- 4. Sources of thermodynamic data: first principles calculations, the density functional theory and its approximations, DFT results at 0 K, going to higher temperatures. Experimental data used for the optimization, calorimetry, galvanic cells, vapor pressure, equilibria with gases of known activity.
- 5. Sources of phase equilibrium data: thermal analysis, quantitative metallography,microprobe measurements, two-phase tie-lines, X-ray, electron and neutron diffraction.
- 6. Models for the Gibbs energy: general form of Gibbs-energy model, temperature and pressure dependencies, metastable states, variables for composition dependence.
- 7. Models for the Gibbs energy: modeling particular physical phenomena, models for the Gibbs energy of solutions, compound-energy formalism, the ideal-substitutional-solution model, regular-solution model.
- 8 .Models for the excess Gibbs energy: Gibbs energy of mixing, the binary excess contribution to multicomponent systems, the Redlich-Kister binary excess model, higher-order excess contributions: Muggianu, Kohler, Colinet and Toop.
- 9. Models for the excess Gibbs energy: associate-solution model, quasi-chemical model, cluster-variation method, modeling using sublattices: models using two sublattices.
- 10. Models for the excess Gibbs energy: models with three or more sublattices, models for phases with order-disorder transitions Gibbs energy for phases that never disorder, models for liquids, chemical reactions and models.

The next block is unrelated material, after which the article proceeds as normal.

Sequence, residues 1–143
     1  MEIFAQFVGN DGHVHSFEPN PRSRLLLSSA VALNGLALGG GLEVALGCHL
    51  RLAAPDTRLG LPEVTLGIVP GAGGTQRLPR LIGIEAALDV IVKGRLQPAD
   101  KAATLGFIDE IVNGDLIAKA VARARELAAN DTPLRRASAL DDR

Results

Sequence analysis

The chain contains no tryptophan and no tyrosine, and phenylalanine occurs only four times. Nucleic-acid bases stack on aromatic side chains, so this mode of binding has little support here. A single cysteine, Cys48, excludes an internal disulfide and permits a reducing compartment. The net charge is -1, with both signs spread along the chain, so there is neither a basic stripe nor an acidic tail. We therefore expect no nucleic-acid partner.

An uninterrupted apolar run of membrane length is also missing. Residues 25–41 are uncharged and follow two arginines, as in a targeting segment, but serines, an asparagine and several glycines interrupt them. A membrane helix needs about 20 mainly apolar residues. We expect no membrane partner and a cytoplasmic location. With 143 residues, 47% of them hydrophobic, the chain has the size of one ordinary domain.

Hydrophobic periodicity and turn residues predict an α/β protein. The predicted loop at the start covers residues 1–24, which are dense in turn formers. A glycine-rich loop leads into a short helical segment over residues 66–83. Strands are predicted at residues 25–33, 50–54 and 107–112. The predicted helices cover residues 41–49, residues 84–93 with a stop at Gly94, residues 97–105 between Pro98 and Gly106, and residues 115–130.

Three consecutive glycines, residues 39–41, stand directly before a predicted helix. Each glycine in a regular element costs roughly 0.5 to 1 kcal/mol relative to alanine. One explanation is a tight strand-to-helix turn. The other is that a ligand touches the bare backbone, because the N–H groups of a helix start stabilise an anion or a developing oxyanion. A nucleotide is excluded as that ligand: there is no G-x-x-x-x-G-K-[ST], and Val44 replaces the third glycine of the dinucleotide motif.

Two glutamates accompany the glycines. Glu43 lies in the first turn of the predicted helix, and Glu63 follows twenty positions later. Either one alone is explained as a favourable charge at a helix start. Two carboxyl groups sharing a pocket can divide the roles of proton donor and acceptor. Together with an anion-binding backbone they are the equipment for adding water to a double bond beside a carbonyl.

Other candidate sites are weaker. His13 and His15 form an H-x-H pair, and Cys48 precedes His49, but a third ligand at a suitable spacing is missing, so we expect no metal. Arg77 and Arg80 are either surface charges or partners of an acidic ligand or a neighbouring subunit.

- 11. Assessment methodology: literature searching, modeling of the Gibbs energy for each phase, solubility, thermodynamic data, miscibility gaps, modeling terminal phases.
- 12. Assessment methodology: modeling intermediate phases, crystal-structure information, compatibility of models, thermodynamic information, determining adjustable parameters, decisions to be made during assessment, checking results of optimization and publishing it.
- 13. Creating thermodynamic databases: unary data, model compatibility, naming of phases,validation of databases, nano-materials in structure alloys and lead-free solders.Examples using databases: Sigma-Phase Formation in Ni-based anti corrosion Superalloys,Intermetallic Phases in Lead-Free Soldering, Equilibria with Laves Phases for aircraft engines.
- Computational Thermodynamics. The Calphad Method. Hans Leo Lucas, Suzana G.Fries, Bo Sundman: Cambridge Univ.Press, 2007, 312 s., ISBN 978-0-521-86811-2.
- SAUNDERS, Nigel and Peter A. MIODOWNIK. Calphad :calculation of phase diagrams : a comprehensive guide. Oxford: Pergamon, 1998. xvi, 479 s. ISBN 0-08-042129-6. info
- Teaching methods
- Lectures focused to practical application in calculations of phase diagrams.
- Assessment methods
- Individual homework: calculation of one phase diagram and writing a report on the received results; Oral examination
- Language of instruction
- Follow-Up Courses
- Enrolment Statistics (recent)
- Permalink: https://is.muni.cz/course/sci/spring2017/C5305